What causes obsessive compulsive behavior?

So far, scientists have been unable to pinpoint the exact cause of obsessive compulsive disorder. Several factors may influence the emergence of this disease, including:

  • Psychological development
  • Head injury
  • Infection
  • Functional disorders of several parts of the brain.

What can increase the risk of contracting this disease?

Factors that increase your risk of developing this disease include:

  1. Family history, parents or family members who have obsessive compulsive disorder will increase the risk of their child developing the same disease
  2. Some traumatic events that make you feel emotionally stressed can increase your risk of developing OCD.
  3. Other mental health disorders. Obsessive compulsive disorder is a condition that can be associated with other mental conditions, such as anxiety disorders, depression, substance abuse or tic disorders.

The information presented cannot be used as medical advice, you should still consult a doctor.

What medications need to be done?

Obsessive compulsive disorder can be treated with a combination of therapy and cognitive behavioral therapy.

A. Drug administration

Your doctor may prescribe medications to control mental obsessions and compulsive behaviors. Usually, antidepressants or stress-reducing drugs are the first choice, including:

  • Clomipramine (Anafranil);
  • Fluvoxamine (Luvox CR);
  • Fluoxetine (Prozac);
  • Paroxetine (Paxil, Pexeva);
  • Sertraline (Zoloft);
  • Citalopram;
  • Escitalopram.

These drugs are generally used in higher doses for obsessive compulsive behavior than for depression. It may take up to three months for results to appear.

Half of all people with this disease do not take the drugs alone. Often, these drugs are taken together with atypical antipsychotic drugs.

B. Cognitive behavioral therapy

If you often have negative thoughts, this can make you suffer from mental disorders in the long run. Cognitive therapy can help you discover the subconscious habits that cause these thoughts to occur.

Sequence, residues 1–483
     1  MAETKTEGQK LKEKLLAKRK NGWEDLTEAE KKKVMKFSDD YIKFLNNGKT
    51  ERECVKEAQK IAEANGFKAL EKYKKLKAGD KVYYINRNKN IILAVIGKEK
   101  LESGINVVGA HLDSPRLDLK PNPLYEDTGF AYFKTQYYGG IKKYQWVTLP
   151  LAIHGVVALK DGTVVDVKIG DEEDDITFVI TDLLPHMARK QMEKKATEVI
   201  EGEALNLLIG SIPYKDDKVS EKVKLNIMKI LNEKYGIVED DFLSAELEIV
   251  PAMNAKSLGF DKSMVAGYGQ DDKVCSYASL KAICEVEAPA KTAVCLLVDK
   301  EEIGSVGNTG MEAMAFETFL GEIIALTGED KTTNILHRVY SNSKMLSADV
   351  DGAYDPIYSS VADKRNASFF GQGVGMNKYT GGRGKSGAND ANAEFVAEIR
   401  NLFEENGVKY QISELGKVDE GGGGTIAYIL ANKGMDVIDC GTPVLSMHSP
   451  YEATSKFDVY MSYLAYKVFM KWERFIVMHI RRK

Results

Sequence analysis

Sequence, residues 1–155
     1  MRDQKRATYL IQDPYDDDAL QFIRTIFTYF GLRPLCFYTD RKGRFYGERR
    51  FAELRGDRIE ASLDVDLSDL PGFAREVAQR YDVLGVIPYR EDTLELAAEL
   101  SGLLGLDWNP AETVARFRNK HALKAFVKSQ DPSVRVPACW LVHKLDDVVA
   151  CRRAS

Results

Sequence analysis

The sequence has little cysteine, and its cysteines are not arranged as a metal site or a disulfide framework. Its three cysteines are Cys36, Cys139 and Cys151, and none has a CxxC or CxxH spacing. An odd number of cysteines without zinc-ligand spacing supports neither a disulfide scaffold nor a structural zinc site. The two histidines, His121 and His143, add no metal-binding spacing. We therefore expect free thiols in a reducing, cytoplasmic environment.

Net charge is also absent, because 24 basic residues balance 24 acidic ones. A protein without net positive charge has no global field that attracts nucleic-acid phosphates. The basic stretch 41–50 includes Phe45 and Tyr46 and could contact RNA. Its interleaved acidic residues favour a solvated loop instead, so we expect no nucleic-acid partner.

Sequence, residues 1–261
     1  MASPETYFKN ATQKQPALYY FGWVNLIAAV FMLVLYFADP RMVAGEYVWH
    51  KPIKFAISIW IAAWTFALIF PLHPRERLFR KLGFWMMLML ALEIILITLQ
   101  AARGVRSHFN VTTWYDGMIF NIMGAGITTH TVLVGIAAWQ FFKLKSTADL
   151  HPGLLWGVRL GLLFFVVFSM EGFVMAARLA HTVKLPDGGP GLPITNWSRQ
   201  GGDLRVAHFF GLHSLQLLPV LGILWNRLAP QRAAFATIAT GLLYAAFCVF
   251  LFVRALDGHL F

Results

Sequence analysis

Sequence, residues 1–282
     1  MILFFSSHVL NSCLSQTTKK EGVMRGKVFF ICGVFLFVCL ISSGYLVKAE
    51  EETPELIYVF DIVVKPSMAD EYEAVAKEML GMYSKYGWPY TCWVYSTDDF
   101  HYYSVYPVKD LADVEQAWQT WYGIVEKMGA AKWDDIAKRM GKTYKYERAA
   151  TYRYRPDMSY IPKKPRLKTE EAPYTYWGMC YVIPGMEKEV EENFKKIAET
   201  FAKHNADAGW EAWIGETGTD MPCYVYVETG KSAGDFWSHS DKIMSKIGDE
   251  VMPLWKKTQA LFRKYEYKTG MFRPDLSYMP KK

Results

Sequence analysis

Cognitive-behavioral therapy is an effective method for treating obsessive compulsive disorder. This therapy is a type of psychotherapy that aims to help individuals change the way they think, feel, and behave. This refers to the two treatments below:

1. Exposure and response prevention (ERP)

Exposure referred to here is exposure to situations and objects that trigger fear and anxiety. Over time, the anxiety generated by these obsessive cues diminishes. Finally, this treatment relieves anxiety.

Response prevention refers to the rituals performed by sufferers of this disease to reduce anxiety. This treatment helps people learn to resist the urge to perform these rituals.

2. Cognitive therapy

People who participate in this type of therapy aim to eliminate compulsive behavior. This is done by identifying and re-evaluating their beliefs about their involvement in compulsive behavior.

Can obsessive compulsive behavior be detected?

Doctors usually diagnose this disease based on the symptoms you describe. They will conduct a clinical examination to reduce the cause of the symptoms.

Doctors can also conduct psychological evaluations through psychological assessment methods, such as assessing the patient’s mental status through appearance, attitude, thoughts, moods, fears, hallucinations, drug abuse addiction, and the possibility of committing violence or even suicide.

What are some lifestyle changes or home remedies that can be done to treat obsessive compulsive behavior?

Lifestyle and home remedies that can help you deal with obsessive compulsive disorder include:

  • Talk to your doctor if symptoms get worse or worsen over a period of time.
  • Talk to your doctor if you experience new symptoms or if you feel discomfort while taking a medication that is given.
  • Do light exercise.
  • Take medicine that has been given by the doctor even though you feel better. Stopping the drug can bring back symptoms of obsessive compulsive disorder.
  • Consult your doctor before consuming certain drugs or foods.

If you have other questions, consult your doctor to find the best solution for your disease.

That’s a little information we can convey about this. Hopefully this can be useful for all of us, thank you very much.